There is no automatic refresh interval, so if you add new media content, you’ll have to log into the TS-I300 and manually refresh the content to make it available to your UPnP media player. Unfortunately, without a media player, I was unable to test this function.
The final sub-menu, Status, was disappointing. It shows only very rudimentary information about the TS-I300 such as network settings, disk status (size, bytes used, bytes remaining), basic Samba status (Name, workgroup, and description) along with drive temperature if the drive supports it. It did not show, for example, users currently logged in or FTP status.
The main admin section is Maintenance, which has two sub menus. One lets you upgrade the firmware, and the other resets the I300 to factory default.
Unfortunately, the Upgrade Firmware page does not have a link to a Trendnet upgrade page on the web. Your only choice is to browse for firmware that you’ve previously downloaded and saved.
If you log out of the TS-I300, you can access the I300’s scheduled HTTP / FTP download feature. This feature could be handy as a primitive backup as long as you don’t mind copying entire folders and included subfolders without the ability to exclude files.
The TS-I300 has two USB 2.0 expansion ports: one on the front panel and one on the rear panel. These ports allow you to connect either external USB drives or flash drives to expand storage capacity. The external drives can be formatted with FAT, FAT32, EXT2, or EXT3 file systems.
I rummaged through my drawer and pulled out a handful of flash drives, as well as a 4 GB portable Seagate drive. All of the drives mounted without incident. When you first plug in the drive, the I300’s front panel USB light flashes green. A few seconds later, if the drive successfully mounted, the light remains on solid. Once mounted, the connected USB drives show up as additional shares on the TS-I300.
Figure 12 shows the TS-I300 with the hard drive and its subdirectories, as well as a Seagate USB hard drive and a flash drive plugged into the 2 USB ports.
Figure 12: TS-I300 with hard drive, subdirectories, and Seagate USB hard drive
It’s important to note that if you have devices attached to both USB ports, and press the Unmount button on the front panel, both devices will be dismounted.
Performance and Closing Thoughts
As with all our NAS testing, IOzone was used to check out the file system performance on the TS-I300. The full testing setup and methodology are described here.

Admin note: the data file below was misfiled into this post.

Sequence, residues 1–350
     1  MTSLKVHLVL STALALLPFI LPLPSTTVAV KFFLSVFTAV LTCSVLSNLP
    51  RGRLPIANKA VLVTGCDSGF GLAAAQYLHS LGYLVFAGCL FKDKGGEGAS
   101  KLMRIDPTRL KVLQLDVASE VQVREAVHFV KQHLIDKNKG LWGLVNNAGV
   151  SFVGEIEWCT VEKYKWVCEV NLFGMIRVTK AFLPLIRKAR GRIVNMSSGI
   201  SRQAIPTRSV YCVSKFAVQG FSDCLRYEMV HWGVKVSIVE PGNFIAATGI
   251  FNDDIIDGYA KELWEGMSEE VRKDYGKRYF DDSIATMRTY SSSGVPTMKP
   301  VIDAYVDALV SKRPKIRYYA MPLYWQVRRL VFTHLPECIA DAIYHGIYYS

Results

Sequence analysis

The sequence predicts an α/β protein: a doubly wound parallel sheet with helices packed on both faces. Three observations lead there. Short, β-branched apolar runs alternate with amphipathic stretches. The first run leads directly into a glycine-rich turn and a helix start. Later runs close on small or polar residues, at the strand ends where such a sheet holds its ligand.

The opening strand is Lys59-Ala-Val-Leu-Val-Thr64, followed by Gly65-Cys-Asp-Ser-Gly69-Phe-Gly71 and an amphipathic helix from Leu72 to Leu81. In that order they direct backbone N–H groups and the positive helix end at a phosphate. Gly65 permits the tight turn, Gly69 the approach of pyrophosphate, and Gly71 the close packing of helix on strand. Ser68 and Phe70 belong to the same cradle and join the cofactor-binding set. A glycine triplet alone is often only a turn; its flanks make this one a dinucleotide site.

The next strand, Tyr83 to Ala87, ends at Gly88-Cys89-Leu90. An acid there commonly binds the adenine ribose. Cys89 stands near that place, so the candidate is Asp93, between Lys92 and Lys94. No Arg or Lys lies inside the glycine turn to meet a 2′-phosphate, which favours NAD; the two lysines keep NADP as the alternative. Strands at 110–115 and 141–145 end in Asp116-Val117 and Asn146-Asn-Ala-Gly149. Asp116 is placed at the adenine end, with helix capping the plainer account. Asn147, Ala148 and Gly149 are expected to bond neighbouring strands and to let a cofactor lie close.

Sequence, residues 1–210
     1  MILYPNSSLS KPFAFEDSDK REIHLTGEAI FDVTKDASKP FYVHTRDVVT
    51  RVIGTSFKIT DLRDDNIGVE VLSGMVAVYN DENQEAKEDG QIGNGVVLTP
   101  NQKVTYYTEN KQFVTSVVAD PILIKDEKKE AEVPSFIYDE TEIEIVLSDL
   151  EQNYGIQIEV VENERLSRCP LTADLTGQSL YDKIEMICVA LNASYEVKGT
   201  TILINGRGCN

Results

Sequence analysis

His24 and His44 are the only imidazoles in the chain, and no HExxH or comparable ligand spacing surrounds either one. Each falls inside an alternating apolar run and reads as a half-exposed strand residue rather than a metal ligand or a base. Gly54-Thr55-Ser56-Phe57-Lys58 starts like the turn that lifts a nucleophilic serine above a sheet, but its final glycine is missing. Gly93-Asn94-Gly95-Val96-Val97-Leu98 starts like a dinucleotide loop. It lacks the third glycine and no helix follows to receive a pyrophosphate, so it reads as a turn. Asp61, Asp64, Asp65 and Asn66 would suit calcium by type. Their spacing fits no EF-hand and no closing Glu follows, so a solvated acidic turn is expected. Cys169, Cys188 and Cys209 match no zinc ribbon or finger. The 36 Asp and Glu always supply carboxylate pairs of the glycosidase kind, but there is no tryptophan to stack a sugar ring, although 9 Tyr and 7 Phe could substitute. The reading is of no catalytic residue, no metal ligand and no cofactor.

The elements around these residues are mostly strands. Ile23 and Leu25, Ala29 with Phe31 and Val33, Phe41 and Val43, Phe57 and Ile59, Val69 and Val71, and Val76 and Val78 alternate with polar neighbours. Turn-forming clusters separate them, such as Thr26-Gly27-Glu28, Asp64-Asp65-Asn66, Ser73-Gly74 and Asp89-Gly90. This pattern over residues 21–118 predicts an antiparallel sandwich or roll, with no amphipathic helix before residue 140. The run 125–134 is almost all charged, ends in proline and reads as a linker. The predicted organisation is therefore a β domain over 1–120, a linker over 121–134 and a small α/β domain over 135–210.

- Firmware version tested was 1.10.0619.2006
- Drive used was a Western Digital Caviar WD200BB-75CAA0 200 GB 7200RPM EIDE hard drive with 2 MB of cache supplied by TRENDnet
- Keep in mind that the maximum raw data rate for 100Mbps Ethernet is 12500 Kbytes/sec and 125000 Kbytes/sec for gigabit
- All comparison products were tested on a different IOzone test system that produces results slightly slower than the system used to test the TS-I300
Figures 13 and 14 show write and read results respectively with a 100 Mbps LAN connection. Included in the plots are results from previous tests of similar single-drive BYOD NAS devices: the Tritton Simple NAS, ADS NAS Drive Kit and TRENDnet TS-U200.
Figure 13 shows that the I300’s write performance is about the same as the older and less-expensive Tritton Simple NAS. And if you take into account the slower test system used for the Simple NAS, it actually would have slightly better performance than the I300. TRENDnet’s earlier NAS offering, the TS-U200, which uses USB 2.0 drives comes in dead last with very unimpressive performance.
Figure 13: Write performance comparison (click image to enlarge)
The Read performance test results in Figure 14 show a ranking similar to the write results, but with the I300 outdistancing the Tritton Simple NAS by a wider margin. Taken together, these results show performance similar to inexpensive low-end BYOD NAS devices that have been around for more than a year. You can also use the NAS Charts to compare the I300 against many other tested NASes.
Figure 14: Read performance comparison (click image to enlarge)
In addition to the IOzone read/write tests, I tried a “real world” test of copying a 3 GB video file from my computer to both the TRENDnet TS-I300 and to the D-Link DNS-323. Though the D-Link unit has a gigabit Ethernet port, for the sake of this comparison, both devices were connected to a 100Mbps port.
It took 401 seconds (6:41) to copy the file to the D-Link NAS and 641 seconds (10:41) to copy to the TRENDnet NAS. That translates to almost 60% longer to copy the same file to the slower TRENDnet TS-I300.
Summing up, TRENDnet’s TS-I300 is an entry-level BYOD NAS for people who need simple networked storage or archiving and don’t need high performance. Its built-in FTP server provides a bit of flexibility for file sharing among a small group of users and the UPnP AV server seems like a nice feature. But the I300’s low performance will limit its use to still image and music serving only.
The bottom line is that while the I300 has a decent low-end feature set, there is little value added to justify its significant price premium over older products such as the Tritton Simple NAS.